Detachment is a chronicle of three weeks in the lives of several high school teachers, administrators and students through the eyes of a substitute teacher named Henry Barthes. Henry roams from school to school, imparting modes of knowledge, but never staying long enough to form any semblance of sentient attachment. A perfect profession for one seeking to hide out in the open. One day Henry arrives at his next assignment. Upon his entry into this particular school, a secret world of emotion is awakened within him by three women. A girl named Meredith in his first period. A fellow teacher Ms. Madison, and a street hooker named Erica, whom Henry has personally granted brief shelter from the streets. Each one of these women, like Henry, are in a life and death struggle to find beauty in a seemingly vicious and loveless world. Written by
Boom mic visible reflected in the glass as Henry and Erica come out of the hospital. See more »
Whatever is on my mind, I say it as I feel it, I'm truthful to myself; I'm young and I'm old, I've been bought and I've been sold, so many times. I am hard-faced, I am gone. I am just like you.
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[intertitle near start] And never have I felt so deeply at one and the same time so detached from myself and so present in the world. - Albert Camus See more »
An unnerving yet brilliant account of the education system and its teachers
As classroom dramas go this may well be one the finest I have ever seen. A compelling insight into Americas failing education system and the beleaguered teachers that inhabit it.
The story centres around Henry Barthes, a substitute teacher who spends three weeks at a high school where the students are as troubled as their teachers. Barthes, portrayed brilliantly by Adrien Brody, finds himself surrounded by individuals who have become jaded to the point of breaking.
His tale becomes even more complex when a chance encounter with a teenage prostitute, Erica, develops into an unconventional friendship. It's within this custodial dynamic that we see some of the films most poignant and heartbreaking moments, as well as some outstanding acting from Sami Gayle, who plays the vulnerable young girl that society has abandoned.
The film employs a three part cutaway technique with Henry Barthes providing a narrative in the form an interview, as well as flashbacks to his childhood - which allows us an insight into why he such a brooding and melancholic character. The flashbacks are often juxtaposed with scenes involving Barthes grandfather with whom he visits in hospital through out the film. The third cutaway is an animated chalkboard sequence which I felt conveyed a sense of culpability and lost innocence.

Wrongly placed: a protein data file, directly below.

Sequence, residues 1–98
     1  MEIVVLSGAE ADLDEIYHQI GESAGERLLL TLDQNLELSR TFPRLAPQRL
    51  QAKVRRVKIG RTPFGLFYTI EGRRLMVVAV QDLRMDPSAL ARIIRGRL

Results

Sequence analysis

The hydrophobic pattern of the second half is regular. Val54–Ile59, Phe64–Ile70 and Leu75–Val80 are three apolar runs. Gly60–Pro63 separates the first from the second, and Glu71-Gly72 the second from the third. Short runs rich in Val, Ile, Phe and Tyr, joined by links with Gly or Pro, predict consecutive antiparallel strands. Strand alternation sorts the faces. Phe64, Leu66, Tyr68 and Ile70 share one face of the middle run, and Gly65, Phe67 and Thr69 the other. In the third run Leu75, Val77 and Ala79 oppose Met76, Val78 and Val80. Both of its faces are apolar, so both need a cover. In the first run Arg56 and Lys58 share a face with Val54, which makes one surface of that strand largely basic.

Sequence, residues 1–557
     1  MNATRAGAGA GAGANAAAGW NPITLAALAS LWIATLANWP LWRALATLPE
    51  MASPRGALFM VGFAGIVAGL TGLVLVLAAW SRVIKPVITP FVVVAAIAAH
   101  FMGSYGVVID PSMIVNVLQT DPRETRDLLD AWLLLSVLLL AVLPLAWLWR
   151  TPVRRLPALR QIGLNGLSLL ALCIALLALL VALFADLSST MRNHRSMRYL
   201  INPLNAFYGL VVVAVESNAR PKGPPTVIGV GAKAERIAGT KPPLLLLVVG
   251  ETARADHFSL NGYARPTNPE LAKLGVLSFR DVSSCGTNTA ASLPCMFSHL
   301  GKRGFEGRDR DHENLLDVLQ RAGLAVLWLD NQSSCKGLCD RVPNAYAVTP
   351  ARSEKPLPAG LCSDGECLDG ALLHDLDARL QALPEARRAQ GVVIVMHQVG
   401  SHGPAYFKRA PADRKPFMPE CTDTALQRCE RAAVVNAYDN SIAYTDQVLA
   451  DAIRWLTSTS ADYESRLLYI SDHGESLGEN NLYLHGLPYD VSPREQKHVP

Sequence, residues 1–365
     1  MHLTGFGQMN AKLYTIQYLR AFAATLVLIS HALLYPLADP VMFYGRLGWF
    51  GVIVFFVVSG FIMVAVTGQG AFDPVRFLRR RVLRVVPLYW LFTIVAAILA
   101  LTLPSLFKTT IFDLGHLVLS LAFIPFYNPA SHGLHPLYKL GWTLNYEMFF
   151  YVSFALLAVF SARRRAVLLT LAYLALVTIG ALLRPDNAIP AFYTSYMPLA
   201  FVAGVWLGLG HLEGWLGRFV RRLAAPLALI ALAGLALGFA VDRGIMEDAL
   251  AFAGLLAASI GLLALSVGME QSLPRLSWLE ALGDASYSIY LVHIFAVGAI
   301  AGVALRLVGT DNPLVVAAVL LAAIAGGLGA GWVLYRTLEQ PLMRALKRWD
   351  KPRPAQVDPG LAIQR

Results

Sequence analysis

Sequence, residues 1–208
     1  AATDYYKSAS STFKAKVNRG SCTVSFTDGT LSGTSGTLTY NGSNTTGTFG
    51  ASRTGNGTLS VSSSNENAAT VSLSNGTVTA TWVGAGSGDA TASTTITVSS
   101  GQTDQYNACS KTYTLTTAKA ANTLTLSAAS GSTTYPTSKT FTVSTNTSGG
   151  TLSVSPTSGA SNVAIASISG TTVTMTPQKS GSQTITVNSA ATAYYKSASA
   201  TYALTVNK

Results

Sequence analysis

The film also boasts an extraordinary supporting cast; including James Caan, Marcia Gay Harden and a very brief appearance from Bryan Cranston, as well as a surprisingly fine turn from Lucy Liu- the schools doctor. The staffs sense of disillusionment and frustration, due to the students perpetual indifference to their own fate, is vented brilliantly by Liu in a scene that begs the question; "where, and when, did it all go wrong?"
Though dealing with very bleak subjects and despite the characters ceaseless sense of defeat and abject loathing for their profession, there are still some heart warming moments in the film. And though it offers no suggestion as to how we can amend such failings in our education system, and that parenting has in so many avenues of society become bereft of any moral guidance and adequacy, it still left me reassured that there are those who are still prepared to undertake such a daunting and thankless task.
If you're looking for an entertaining piece then I suggest you look elsewhere, but if you wish to see a brilliantly thought provoking film that raises more questions than it provides answers, and you're prepared for some uncomfortable moments, then you'll be rewarded with a film that is excellently written and directed and has some outstanding performances. A great film!
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